It may sound like a daunting task for the narrative to constantly shape-shift from one disparate source to another but the effect is breathtakingly kaleidoscopic and in most cases wholly appropriate (even the few typos in the book seem correct given the title). In truth it would probably take a tenured literature professor with a vast music and DVD collection to decode all the stylistic shifts in Uncorrected Proof but that’s not really the point. Given all the literary byplay and conceptual ambition, the story is still amazingly accessible, so when you are able to pick up on a particular author or style, it just adds to its kicky pleasure.

In the end Uncorrected Proof is also a cautionary tale about ego and ambition run amok in a world where ego and ambition are the only character traits that seem to really matter. With no clear winners or losers it could almost be read as a twisted metaphor for our own troubled times, with the publishing industry standing in for Wall Street and the banks, where the “best and brightest” have had their way for too long and have grown fat on the bones of those crushed under their Gucci loafers and stiletto heels. Perhaps I’m reading too much into Alba’s remarkably varied prose, but the seeds of a revolution are there, if not on the economic front, then maybe just in the publishing house.

Paul Duran’s films include Flesh Suitcase and The Dogwalker.


newcoverimage

For another review by LiteraryMinded please go to:

http://blogs.crikey.com.au/literaryminded/2008/11/07/uncorrected-proof-louisiana-alba/

elephant-ears-8-2
The novel’s web page http://elephantearspress.com/uncorrectedproof.html

Progress of the Novel

Image – ElephantEars Press

The novel has seen so many developments on so fronts through its long history in many languages and periods of history. It began with Cervantes and still is going strong. ElephantEars Press through its Facebook group Progress of the Novel, wants to learn of innovative novels, ‘gems’ published in recent years.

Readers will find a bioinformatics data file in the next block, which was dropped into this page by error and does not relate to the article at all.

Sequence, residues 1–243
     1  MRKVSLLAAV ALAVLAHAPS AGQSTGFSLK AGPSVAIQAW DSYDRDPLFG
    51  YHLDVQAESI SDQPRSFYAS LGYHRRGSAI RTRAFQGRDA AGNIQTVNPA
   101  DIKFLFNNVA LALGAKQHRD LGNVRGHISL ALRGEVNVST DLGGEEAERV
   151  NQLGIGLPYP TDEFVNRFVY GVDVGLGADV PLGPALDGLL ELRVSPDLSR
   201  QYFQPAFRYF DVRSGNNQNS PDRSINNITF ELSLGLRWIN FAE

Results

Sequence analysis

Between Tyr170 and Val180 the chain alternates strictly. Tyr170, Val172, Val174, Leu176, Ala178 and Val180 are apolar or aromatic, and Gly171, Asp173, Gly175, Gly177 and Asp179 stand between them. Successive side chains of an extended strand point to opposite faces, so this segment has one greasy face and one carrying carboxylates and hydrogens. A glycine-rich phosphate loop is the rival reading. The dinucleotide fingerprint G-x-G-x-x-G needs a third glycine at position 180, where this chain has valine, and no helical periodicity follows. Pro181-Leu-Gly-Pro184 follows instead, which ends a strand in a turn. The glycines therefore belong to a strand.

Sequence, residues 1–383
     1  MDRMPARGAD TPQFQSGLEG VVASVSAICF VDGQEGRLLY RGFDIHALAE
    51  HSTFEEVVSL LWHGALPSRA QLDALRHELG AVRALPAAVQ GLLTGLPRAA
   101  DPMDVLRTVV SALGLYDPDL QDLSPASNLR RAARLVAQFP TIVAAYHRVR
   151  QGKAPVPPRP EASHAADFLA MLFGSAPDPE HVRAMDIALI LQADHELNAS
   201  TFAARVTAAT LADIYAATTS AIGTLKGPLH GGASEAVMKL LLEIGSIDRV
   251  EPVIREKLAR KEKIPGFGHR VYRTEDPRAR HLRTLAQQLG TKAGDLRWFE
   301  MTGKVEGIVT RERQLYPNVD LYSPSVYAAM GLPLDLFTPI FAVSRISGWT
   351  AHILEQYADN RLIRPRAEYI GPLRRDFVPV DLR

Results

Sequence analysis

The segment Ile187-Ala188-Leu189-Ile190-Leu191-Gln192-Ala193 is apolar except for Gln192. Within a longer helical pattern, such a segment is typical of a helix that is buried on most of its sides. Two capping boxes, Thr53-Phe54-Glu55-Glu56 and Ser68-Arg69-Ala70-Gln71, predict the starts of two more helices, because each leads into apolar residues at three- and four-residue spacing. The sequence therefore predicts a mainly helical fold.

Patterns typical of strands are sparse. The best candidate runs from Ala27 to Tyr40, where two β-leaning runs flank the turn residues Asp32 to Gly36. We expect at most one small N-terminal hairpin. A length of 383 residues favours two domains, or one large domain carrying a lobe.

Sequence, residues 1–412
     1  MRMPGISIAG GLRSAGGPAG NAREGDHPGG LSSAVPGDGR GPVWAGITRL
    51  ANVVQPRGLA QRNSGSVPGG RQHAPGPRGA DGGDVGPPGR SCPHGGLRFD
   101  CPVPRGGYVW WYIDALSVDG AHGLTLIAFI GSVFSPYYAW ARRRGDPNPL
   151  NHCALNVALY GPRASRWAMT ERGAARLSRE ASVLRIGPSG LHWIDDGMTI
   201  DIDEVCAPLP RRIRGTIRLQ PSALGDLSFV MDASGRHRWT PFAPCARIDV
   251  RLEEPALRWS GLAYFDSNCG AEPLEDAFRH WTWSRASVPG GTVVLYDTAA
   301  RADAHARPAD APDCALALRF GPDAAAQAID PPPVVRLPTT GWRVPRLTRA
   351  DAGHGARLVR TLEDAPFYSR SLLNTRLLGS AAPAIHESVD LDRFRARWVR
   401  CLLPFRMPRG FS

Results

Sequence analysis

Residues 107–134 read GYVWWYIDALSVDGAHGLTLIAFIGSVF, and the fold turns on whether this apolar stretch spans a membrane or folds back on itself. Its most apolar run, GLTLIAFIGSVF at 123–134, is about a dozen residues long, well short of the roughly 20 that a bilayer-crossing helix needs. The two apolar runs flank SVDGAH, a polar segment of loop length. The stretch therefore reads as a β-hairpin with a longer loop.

(posting for ElephantEars Press)

http://www.facebook.com/group.php?gid=199000248124&ref=mf

Intentional fallacy

It was called the intentional fallacy when I was at university  – meaning for me  that the author is not really a good judge of her or his work, doesn’t really understand what has been written.

Roland Barthes spoke of something similar in the The Death of the Author. I would have liked to have talked to Barthes back at university about it, instead of much later in my head when postmodernism seeped into my consciousness. It would have provided a shorter route to where I believe I am than the road I took. But at least I heard of intentional fallacy and it had an effect on my understanding of how literary works are constructed (or not). And then I heard of Barthes and many others later, and my understanding deepened.

One intentional fallacy I would like to point at in Uncorrected Proof (or maybe it’s not really an intentional fallacy, more a mistake) –  I based the novel (a little tongue in cheek, I admit) on the prelude/the history of Helen and Greece prior to the context of the Iliad and then fast-forwarded to the finale of Homer’s poem itself. For me any strict following of Homer’s martial poem would have been a weight I didn’t need. I felt in my heart that I had the greatest on my side in this, and that if Shakespeare were  Joyce he might have decided on a less strict following of the Odyssey for Ulysses, and given more emphasis in Bloom‘s narrative to ‘story’. For me, Shakespeare knew how to use story as a platform for other literary ventures. Joyce it seemed didn’t ‘do’ story or didn’t want to understand it, seeing story as a unnatural structure forced upon him by commercial literary progress, at least so it seems in Ulysses and Finnegans Wake. But there is story in Ulysses, just it isn’t in any way commercial. Did Joyce intend to deconstruct story or did he simply not do it well?